FROM SCREEN TO PAGE, Part 2 with Miko Johnston

Miko Johnston is the author of Petals in the Wind.  
She first first contemplated a writing career as a poet at age six. That notion ended four years later when she found no ‘help wanted’ ads for poets in the Sunday NY Times classified section, but her desire to write persisted. After graduating from NY University, she headed west to pursue a career as a journalist before switching to fiction. Miko lives on Whidbey Island in Washington. You can find out more about her books and follow her for her latest releases at Amazon.




FROM SCREEN TO PAGE, Part 2

 Today I continue our discussion about the basic rules of screenplays that would benefit fiction writers. In my last blog post (September 9), we looked at the four story questions writers must be able to answer. Today we discuss the second rule:


 ü  At least one key character has to undergo a transformation.

 Often referred to as the character arc, this concept has been underscored by notables such as Joseph Campbell, Christopher Vogler, and Syd Field. If plot is the external story, then the character’s arc is the internal version of events.

 The arc can be as intimate as a widow coming to terms with her loss, or as monumental as an everyman summoning his courage to save the universe. One of Kurt Vonnegut’s ‘Eight Tips on Writing a Great Short Story’ is: “Every character should want something, even if it’s only a glass of water.” The character we meet at Once upon a time is (or becomes) driven by this want. He’s shaped and formed, or reformed, by the conflict he endures, usually with the help of the supporting characters, but ultimately he must face the final challenge alone. Who he is by happily ever after depends on how he’s changed through the course of the story, and what has occurred to cause those changes. Whether she’s a factory worker who takes up a cause (Silkwood, Norma Rae), a dutiful son who reluctantly shoulders a crime family (The Godfather), or a hardened cynic who sacrifices love for a nobler cause (Casablanca), watching the characters transform before our eyes, on screen or throughout the pages of a book, transforms us as well.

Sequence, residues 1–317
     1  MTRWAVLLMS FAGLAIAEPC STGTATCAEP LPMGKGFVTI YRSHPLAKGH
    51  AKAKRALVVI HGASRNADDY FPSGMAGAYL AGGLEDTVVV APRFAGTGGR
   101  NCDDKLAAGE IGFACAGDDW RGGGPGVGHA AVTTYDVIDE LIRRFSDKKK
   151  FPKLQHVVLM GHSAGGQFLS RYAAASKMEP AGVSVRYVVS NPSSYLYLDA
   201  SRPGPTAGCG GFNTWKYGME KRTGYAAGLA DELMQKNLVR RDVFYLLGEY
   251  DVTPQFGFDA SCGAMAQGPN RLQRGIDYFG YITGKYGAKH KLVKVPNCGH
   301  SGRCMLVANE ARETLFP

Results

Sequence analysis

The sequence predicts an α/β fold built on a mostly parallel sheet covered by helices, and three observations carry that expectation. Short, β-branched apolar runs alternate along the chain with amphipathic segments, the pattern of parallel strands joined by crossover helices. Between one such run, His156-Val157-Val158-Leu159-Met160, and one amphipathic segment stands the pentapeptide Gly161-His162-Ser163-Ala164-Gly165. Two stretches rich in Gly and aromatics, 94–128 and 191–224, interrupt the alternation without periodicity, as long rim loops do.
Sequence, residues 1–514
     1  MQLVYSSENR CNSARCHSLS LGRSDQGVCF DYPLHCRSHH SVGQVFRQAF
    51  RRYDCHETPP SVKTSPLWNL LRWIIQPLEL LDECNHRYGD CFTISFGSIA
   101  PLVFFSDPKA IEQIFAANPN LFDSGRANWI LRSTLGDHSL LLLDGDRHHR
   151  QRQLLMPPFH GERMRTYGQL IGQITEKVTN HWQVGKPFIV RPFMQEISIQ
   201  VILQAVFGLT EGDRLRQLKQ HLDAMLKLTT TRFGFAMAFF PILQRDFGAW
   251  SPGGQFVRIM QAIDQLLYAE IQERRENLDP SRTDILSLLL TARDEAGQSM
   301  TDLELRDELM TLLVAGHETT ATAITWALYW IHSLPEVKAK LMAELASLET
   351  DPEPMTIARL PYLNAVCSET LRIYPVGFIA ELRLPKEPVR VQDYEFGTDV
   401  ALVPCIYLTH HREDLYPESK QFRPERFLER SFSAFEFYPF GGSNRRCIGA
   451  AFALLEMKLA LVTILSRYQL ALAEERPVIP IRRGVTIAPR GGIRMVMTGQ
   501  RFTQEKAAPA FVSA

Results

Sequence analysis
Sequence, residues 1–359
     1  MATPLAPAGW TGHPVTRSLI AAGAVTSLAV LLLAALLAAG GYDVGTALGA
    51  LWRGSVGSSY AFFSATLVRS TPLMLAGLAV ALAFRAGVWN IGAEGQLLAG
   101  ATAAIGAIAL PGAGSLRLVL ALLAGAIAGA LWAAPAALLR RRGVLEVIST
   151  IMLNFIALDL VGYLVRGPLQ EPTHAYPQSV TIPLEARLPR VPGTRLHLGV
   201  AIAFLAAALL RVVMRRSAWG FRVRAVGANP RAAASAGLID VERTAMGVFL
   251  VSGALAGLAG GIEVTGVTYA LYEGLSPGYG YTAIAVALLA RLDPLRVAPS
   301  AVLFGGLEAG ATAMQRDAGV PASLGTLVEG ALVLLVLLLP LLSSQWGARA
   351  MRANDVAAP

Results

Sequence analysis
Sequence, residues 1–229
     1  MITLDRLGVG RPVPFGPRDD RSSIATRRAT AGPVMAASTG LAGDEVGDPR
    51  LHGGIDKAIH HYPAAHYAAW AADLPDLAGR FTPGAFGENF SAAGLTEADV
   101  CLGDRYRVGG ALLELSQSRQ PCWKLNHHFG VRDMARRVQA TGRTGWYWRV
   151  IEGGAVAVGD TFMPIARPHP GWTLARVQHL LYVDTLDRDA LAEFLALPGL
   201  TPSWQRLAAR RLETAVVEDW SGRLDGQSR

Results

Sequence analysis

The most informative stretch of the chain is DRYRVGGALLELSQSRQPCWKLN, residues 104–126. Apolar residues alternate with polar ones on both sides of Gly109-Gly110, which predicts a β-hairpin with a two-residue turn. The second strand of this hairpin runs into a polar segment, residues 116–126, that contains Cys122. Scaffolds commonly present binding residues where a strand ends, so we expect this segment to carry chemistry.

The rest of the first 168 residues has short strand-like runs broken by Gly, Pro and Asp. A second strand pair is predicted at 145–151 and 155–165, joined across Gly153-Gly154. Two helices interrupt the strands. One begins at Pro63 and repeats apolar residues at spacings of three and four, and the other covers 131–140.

That change almost always occurs in the protagonist, but there are exceptions – if a 
narrator is telling your story about someone, or if the protagonist is steadfast, but inspires change in another character. We’ve come to learn (with regret) that Harper Lee’s novels are examples of the former, while High Noon is an example of the latter. Stories featuring animal protagonists, like Marley and Me, can be examples of both exceptions.

 If you outline or use another form of story organization, you should plan the character arcs before you begin writing. If not, a technique I’ve found very helpful is to complete my novel or story and then read through it several times, searching for individual components of the manuscript with each pass. One read-through is dedicated to character arc, first for my protagonist, and then for each key character. I look for a pattern, for inconsistencies, for triggers and reactions – for ways to smooth the transition into something natural and realistic. I also identify the characters who shouldn’t change and check to insure they stay the same throughout the pages.

 In the final part of this series, we’ll exit the movie theater and examine a screenwriting concept adapted from live theater – the three-act structure.